JT: Basketball is a team game and Saudi Arabia’s guards have been sensational at times, yet the overall production and minutes of Mohamed Alsuwailem can’t be ignored. He’s a rebound shy of having three double-doubles in four games and his 19.3 average efficiency is not only tops on the team but tied for third overall in the Qualifiers. He impacts games with his ability to protect the rim and also to run the floor.
As his 31.8 minutes per game are third most on the team, there are moments when he looks tired so his conditioning could be a little better and he has to be ready to pass the ball out of trouble when double-teamed or surrounded by defenders in the low post.
But overall he’s crucial for this team.
JB: Khalid Abdel Gabar is the key player in the backcourt for Saudi Arabia. He is very fearless and will hold nothing back in any man-to-man match up. In the game where Saudi Arabia lost to Iran (who are arguably a top four team in the Qualifiers), he wasn’t too far away from getting a triple-double in that game with 13 points 5 rebounds and 4 assists. You could argue that was not his best performance, but those are still very good stats to put up.
Saudi Arabia are also a surprisingly deep team as well. Which player on this team do you feel can be a surprising key contributor down the road?
JT: Ali Shubayli! Get him some more minutes.
JB: This team thrives on high energy, physicality, and individual talent. I have really enjoyed watching Mohammed Alsuwailem who is a solid post player. I think he needs to be credited for how hard he works but also how well he runs the floor in transition for his position. I also believe that if Saudi Arabia try to set more plays to allow him to isolate a back down post play, then he will be a problem for other teams to defend.
Saudi Arabia games throughout the Qualifiers have been up-tempo and entertaining, which makes it great for commentators like yourselves. What has been your favorite moments calling games they’ve played in?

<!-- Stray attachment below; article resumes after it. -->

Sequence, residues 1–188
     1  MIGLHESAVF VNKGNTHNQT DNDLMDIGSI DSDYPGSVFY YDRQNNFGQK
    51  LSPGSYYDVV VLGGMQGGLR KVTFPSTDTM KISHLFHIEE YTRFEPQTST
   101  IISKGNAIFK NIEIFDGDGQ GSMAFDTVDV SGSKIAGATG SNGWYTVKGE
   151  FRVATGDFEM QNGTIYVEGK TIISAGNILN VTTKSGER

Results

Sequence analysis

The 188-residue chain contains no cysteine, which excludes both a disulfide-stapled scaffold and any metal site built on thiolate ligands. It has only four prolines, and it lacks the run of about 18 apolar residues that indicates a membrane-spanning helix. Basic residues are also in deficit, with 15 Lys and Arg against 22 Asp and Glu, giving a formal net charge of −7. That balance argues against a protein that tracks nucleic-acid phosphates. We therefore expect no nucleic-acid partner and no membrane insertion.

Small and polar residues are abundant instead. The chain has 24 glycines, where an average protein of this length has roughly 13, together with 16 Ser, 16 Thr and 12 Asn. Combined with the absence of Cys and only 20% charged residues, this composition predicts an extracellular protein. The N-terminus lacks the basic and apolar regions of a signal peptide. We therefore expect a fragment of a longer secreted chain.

JT: I haven’t done any yet but I loved the rim-rocking slam dunk by Mohamed Alsuwailem, when he hung on the rim in the first quarter of the game against Iran. Also in the final minute of the first half against Iran, Ali Shubayli hit that incredible shot from behind the backboard and in the right corner as the shotclock expired.
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JB: My favourite moment was against Iran when Alsuwailem ran the floor and was rewarded with a monster two handed “Throw Down” [as Jeff mentioned above]. Those are the kind of plays that get the fans excited. Most players like the baskets to come easy for them, but that moment exemplified their style of play. Work hard, play with passion, and never give up.
As a team on the rise like Saudi Arabia, we seem to be lacking a lot of fun nicknames and monikers to refer to the players. Fire away with your best ideas!
JT: You can almost see it coming, when Khalid M Abdel Gabar pulls up on the break and let’s it fly, or ends up with the ball in his hands with the shot clock winding down …
“And that’s another three, from ABDEL GABAR, I shoot it from so far”.
I like him. He has two speeds, fast and faster, and my nickname for him is Sheik Rebound and Run.
Also, when you see Mohammed Almarwani catch the ball in the low post and turn into the lane before putting up that unstoppable hook shot, he becomes “The Captain” - short for Captain Hook.
JB: Abdel Gabar for me is a warrior, I think the “Arabian Knight” would best personify his fearless approach to compete.
How about a fun catchy nickname for the team as a whole? We’ve sometimes referred to Saudi Arabia as the Mean Green Machine, but we want to hear your creative ideas as well.
JT: The Saudi Swatters - their average of 4.5 blocks per game ranks No. 1 in the FIBA Asia Cup 2021 Qualifiers.
JB: I like The Green Machine as nickname and I also thought that with the exciting individual talent on this team they could also be looked at as the KSAvengers.